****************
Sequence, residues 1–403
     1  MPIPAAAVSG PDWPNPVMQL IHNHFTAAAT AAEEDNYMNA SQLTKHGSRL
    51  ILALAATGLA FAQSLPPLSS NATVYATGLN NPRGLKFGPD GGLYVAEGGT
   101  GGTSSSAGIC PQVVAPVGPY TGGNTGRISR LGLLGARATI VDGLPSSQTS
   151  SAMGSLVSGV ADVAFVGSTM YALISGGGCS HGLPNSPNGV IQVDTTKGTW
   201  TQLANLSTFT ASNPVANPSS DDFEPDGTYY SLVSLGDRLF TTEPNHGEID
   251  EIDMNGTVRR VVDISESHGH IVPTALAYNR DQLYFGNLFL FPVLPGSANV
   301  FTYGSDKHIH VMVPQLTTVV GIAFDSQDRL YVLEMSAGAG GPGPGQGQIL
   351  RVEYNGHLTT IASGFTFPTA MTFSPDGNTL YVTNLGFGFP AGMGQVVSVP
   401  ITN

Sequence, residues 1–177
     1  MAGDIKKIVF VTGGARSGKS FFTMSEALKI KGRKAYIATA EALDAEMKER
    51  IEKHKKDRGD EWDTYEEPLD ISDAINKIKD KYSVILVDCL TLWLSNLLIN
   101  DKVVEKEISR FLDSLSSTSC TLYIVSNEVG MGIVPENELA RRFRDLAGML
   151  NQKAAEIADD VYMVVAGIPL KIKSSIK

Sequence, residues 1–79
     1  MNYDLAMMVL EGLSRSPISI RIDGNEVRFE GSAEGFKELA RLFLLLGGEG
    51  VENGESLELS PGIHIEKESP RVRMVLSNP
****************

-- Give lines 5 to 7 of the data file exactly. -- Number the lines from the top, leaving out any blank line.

   151  SAMGSLVSGV ADVAFVGSTM YALISGGGCS HGLPNSPNGV IQVDTTKGTW
   201  TQLANLSTFT ASNPVANPSS DDFEPDGTYY SLVSLGDRLF TTEPNHGEID
   251  EIDMNGTVRR VVDISESHGH IVPTALAYNR DQLYFGNLFL FPVLPGSANV